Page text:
by Will Douglas Heaven July 1, 2020 SOURCE: MIT Technology review
A plan to redesign the internet could make apps that no one controls. Dfinity wants to allow the creation of apps that can run on the network itself rather than on servers owned by Facebook, Google or Amazon. Can it succeed where others have failed?
In 1996 John Perry Barlow, cofounder of internet rights group the Electronic Frontier Foundation, wrote “A declaration of the independence of cyberspace.” It begins: “Governments of the Industrial World, you weary giants of flesh and steel, I come from Cyberspace, the new home of Mind. On behalf of the future, I ask you of the past to leave us alone. You are not welcome among us. You have no sovereignty where we gather.”
Barlow was reacting to the US Communications Decency Act, an early attempt to regulate online content, which he saw as overreaching. But the broad vision he put forward of a free and open internet controlled by its users was one that many internet pioneers shared.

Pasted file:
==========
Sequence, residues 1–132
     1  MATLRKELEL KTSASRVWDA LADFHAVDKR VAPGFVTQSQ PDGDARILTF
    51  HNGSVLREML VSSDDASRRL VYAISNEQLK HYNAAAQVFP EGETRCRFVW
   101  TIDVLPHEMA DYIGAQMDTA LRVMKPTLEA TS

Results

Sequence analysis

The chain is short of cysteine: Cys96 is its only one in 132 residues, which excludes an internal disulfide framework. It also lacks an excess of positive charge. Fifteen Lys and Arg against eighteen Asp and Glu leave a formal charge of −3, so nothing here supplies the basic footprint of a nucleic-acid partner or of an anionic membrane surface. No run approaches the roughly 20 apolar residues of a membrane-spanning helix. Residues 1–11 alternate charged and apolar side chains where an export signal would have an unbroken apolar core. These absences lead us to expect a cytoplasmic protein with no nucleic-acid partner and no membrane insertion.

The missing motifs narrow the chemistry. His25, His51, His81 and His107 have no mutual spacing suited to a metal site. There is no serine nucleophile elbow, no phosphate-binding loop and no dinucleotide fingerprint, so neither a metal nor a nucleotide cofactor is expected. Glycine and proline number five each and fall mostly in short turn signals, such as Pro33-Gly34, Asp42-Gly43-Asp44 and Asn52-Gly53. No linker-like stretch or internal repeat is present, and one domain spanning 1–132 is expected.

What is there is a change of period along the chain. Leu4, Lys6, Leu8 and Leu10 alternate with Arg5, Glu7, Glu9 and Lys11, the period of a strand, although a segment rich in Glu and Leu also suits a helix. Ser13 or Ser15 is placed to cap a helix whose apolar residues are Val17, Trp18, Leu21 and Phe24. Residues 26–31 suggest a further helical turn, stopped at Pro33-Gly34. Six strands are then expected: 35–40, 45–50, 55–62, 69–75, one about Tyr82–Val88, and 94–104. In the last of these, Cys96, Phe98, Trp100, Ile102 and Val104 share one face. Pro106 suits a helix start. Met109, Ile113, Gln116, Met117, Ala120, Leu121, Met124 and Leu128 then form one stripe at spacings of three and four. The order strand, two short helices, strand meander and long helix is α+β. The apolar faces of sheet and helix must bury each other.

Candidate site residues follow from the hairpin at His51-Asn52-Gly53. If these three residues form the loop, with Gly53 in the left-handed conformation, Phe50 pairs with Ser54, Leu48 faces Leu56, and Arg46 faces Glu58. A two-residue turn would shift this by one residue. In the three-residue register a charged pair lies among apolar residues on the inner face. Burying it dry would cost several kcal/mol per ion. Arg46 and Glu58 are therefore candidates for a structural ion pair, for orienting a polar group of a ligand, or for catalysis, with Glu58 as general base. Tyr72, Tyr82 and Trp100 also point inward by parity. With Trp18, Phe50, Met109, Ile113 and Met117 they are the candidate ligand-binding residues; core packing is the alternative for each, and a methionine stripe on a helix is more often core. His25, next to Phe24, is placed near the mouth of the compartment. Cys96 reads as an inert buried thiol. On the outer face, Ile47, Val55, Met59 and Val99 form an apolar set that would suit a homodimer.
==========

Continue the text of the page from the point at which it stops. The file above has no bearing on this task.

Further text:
Fast-forward a quarter-century and that vision feels naïve. Governments may have struggled to regulate the internet, but new sovereigns have taken over instead. Barlow’s “home of Mind” is ruled today by the likes of Google, Facebook, Amazon, Alibaba, Tencent, and Baidu—a small handful of the biggest companies on earth.
Yet listening to the mix of computer scientists and tech investors speak at an online event on June 30 hosted by the Dfinity Foundation, a not-for-profit organization headquartered in Zurich, Switzerland, it is clear that a desire for revolution is brewing. “We’re taking the internet back to a time when it provided this open environment for creativity and economic growth, a free market where services could connect on equal terms,” says Dominic Williams, Dfinity’s founder and chief scientist. “We want to give the internet its mojo back.”